Music therapist, Eva Wong, sings to a patient in the hallway at Richmond Hospital.
While some say laughter is the best medicine, for Richmond music therapists Eva Wong and Alexina Davis, music and song are powerful tools for helping patients, residents, and clients connect in a unique way.
“Music breaks down barriers," says Eva, “When we play to patients, it helps create a special connection and creates trust, which can then lead to patients speaking honestly about their experiences and how they're feeling."
On some units such as the stroke unit, where many patients are non-verbal, music provides a gateway. “We've seen case after case with non-verbal patients that when we're playing the music or songs that they know, they can sing the whole song with lyrics! Because singing uses the entire brain, individuals who cannot speak post-stroke may be able to tap into other parts of the brain and sing," she says, adding that music can be a way to encourage these patients to say a simple hello to their loved ones or care team.
When rehabilitating patients, Eva and Alexina have also found that music can help provide incredible motivation—using the rhythm of the guitar to give them confidence, endurance, and even a steadier gait when walking to the beat of the music.
For Alexina who works on the acute, shorter-stay units, it's all about the connection that music provides—for patients, families, and staff on the units.
“It's all about bringing normalcy to their day," she says. Whether it's to uplift a patient who has just found out they won't be returning to the home they came from or to comfort an anxious patient before blood work—music is a way to ease their stay and comfort them in a time of stress. “It lightens up the mood for everyone on the unit when music fills the halls. Often times, our staff aren't able to spend as much time with patients as they would like. My job is to connect with our patients, pick songs that will lift them up and provide comfort, and then breakdown the barriers so we can have a meaningful conversation."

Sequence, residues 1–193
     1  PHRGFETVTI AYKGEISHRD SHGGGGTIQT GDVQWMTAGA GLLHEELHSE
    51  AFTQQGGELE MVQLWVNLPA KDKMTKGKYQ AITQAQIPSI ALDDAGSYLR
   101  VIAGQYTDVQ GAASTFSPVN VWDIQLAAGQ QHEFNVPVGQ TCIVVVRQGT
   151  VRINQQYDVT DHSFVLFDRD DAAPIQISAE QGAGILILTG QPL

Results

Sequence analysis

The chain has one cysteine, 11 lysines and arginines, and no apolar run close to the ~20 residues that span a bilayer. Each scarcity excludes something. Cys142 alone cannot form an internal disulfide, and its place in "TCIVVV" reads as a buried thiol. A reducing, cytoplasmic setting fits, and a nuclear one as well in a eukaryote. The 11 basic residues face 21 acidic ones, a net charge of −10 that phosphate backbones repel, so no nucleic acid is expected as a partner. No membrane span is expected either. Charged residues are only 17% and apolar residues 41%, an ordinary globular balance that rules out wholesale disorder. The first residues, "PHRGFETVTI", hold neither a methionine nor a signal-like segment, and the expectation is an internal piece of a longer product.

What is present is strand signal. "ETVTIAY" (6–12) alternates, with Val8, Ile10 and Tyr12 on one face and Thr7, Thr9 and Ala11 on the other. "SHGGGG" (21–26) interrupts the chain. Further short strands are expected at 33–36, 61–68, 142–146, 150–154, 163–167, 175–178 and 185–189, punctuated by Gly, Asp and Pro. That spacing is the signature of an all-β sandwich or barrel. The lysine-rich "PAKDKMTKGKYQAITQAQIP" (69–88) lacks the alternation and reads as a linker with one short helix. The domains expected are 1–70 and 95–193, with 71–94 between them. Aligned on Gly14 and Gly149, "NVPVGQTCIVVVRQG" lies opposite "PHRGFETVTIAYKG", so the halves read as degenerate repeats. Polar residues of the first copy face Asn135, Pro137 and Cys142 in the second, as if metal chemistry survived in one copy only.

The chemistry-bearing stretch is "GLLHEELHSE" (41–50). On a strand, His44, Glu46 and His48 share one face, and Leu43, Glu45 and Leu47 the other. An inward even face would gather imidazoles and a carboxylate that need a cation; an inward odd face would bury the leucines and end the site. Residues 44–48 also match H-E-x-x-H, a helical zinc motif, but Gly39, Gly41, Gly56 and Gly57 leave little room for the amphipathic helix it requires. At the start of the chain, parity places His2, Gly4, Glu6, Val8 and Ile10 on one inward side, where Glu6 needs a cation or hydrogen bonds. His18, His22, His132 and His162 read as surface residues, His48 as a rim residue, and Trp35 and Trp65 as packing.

Alexina says it's that sense of connection that music brings that not only impacts a single patient's journey—but how they connect with each other on the units.
“Patients really enjoy coming out of their rooms and being with other patients that are on the same journey and hearing about their experience. Music provides that opportunity to connect and motivate each other."
The Richmond Hospital/Healthcare Auxiliary has been strong supporters of music therapy, providing an annual grant of $150,000 for the past 10 years to help support programs at Richmond Hospital, Minoru Residents, and Richmond Lions Manor-Bridgeport.
“The Auxiliary Board strongly believes that music is important to the well-being of everyone," says Ursurla Van Duin, president of the Richmond Healthcare Auxiliary Group. “It's particularly noticeable in geriatric patients, as evidenced by reports from music therapists of how the program is helping these patients by stimulating, orientating, and motivating them."
On September 10th a music therapy event was held at Richmond Hospital, so people could experience all the benefits music therapy as our music therapists brought music to the halls and units of Richmond Hospital.
“We want staff who may not be familiar with music therapy to experience the benefits that music therapy can bring," says Lennie Tan, rehabilitation music therapist. “We hope people will stop by and experience the music."